Children may experience joint or muscle pain, higher risk of frequent sprains and injuries, ligament laxity and spine scoliosis. Orthoses and supportive footwear are usually recommended by your podiatrist other treatment may include strengthening exercise and activities and strapping.

In-toeing or Pigeon Toes

Children with this complaint walk with their feet/toes turning in – they are usually not in any pain unless they also have very pronated feet which may cause leg tiredness or knee pain – but may be at higher risk of tripping and as a result injuring themselves. In-toeing can be a complex issue and can be caused by 3 main factors – Metatarsus Adductus (turned in foot/big toe), Tibial Torsion (shinbone/leg turns inwards) or Femoral Anteversion (Thigh bone turns in).

There is often a genetic component and the hip position can also influence the position of the leg and foot. Hip, leg and foot positions can be influenced in the womb usually if there is not enough room or the feet or legs are squashed into certain positions. In-toeing is usually first noticed when children begin walking and is most common in children under 8 years, but can also spontaneously appear at any age during childhood. It can effect one or both feet/legs/hips.

Treating in-toeing usually involves advice re footwear, gait exercises and in some cases orthoses. At Blueprint Podiatry we work closely with other practitioners often Paediatric Physios and Osteopaths to assess and treat the hip and leg position and re-balance muscles and gait patterns. In-toeing can be complex to manage and often involves other issues such as pronated or flat feet and your Podiatrist will explain and discuss your child’s conditions and treatment options in detail.

Ingrown Toenails

Ingrown Toenails occur for all ages sometimes even at birth, and common in age 12 to teenage years. This age group are usually attending to their own nails – but may not always be cutting them correctly and and parents aren’t always aware of the issues initially. Sweaty feet can contribute to the tendency for the nails to grow in. Ingrown nails are most commonly the big toenails but can occur at any nail and result from a nail spike growing into the flesh of the toe. They are very painful often appear red and inflamed and weepy with pus. If left untreated they can become infected and require antibiotics. They are often caused by not cutting the nail properly, poor fitting shoes or simply the shape of the toenail.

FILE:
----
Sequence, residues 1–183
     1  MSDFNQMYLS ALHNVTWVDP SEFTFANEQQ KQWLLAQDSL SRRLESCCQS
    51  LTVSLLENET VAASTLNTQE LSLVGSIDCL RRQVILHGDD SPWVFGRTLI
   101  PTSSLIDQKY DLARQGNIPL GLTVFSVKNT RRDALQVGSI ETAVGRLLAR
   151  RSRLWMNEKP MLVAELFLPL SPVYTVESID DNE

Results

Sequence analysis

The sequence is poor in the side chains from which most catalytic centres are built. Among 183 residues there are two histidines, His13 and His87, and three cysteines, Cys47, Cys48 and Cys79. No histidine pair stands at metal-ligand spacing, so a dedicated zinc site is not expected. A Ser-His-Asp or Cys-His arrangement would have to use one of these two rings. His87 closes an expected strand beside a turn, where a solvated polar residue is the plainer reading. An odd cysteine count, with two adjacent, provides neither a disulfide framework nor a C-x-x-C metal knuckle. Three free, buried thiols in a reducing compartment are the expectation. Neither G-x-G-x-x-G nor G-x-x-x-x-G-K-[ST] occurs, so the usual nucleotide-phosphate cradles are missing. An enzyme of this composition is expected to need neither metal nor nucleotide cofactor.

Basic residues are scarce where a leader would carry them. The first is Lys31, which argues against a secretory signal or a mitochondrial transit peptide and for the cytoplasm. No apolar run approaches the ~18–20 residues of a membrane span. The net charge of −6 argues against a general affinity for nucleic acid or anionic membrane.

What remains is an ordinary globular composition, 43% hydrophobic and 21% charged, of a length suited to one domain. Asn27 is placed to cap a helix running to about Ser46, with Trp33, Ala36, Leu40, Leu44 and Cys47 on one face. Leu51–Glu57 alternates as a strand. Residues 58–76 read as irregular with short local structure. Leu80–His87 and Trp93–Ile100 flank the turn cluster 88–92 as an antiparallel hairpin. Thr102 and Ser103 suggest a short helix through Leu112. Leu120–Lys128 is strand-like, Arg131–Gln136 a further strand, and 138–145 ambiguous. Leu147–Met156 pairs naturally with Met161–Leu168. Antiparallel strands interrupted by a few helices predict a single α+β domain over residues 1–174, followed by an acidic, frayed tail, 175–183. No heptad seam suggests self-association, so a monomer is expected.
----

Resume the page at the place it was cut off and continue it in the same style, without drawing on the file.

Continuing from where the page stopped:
Juvenile Bunions

Bunions are the actual boney lump that gradually form over the inside of the big toe joint – Hallux Abducto-Valgus or HAV is the term that describes how the big toe changes direction and rotates due to pressure and mechanical forces at the joint during gait. Certain foot types can be more prone to HAV and bunion formation and are often hereditary. Poor foot mechanics play a big part where excessive pressure results at the big to during gait. Certain activities such as soccer and football and ballet are also contributing factors. Children can develop Juvenile Bunions from the age of 10-15 in these cases there is a strong genetic component. At Blueprint Podiatry we are experienced in assessing foot types prone to bunions and can advise on orthotic therapy to slow down this process especially when we are assessing and working with children.

Juvenile Diabetes

Diabetes Mellitis is a group of metabolic disorders where there is a high blood sugar level in the body. Type 1 involves the pancreas not producing enough insulin and usually occurs in children. Children and adults with Type 1 diabetes need treatment with insulin to survive. Long term complications of this form of diabetes can effect the circulation and neurological systems in particular to the feet. Monitoring and understanding foot health and diabetes is a good habit to get children into to help prevent complications later on such as poor wound healing, ulceration and numbness.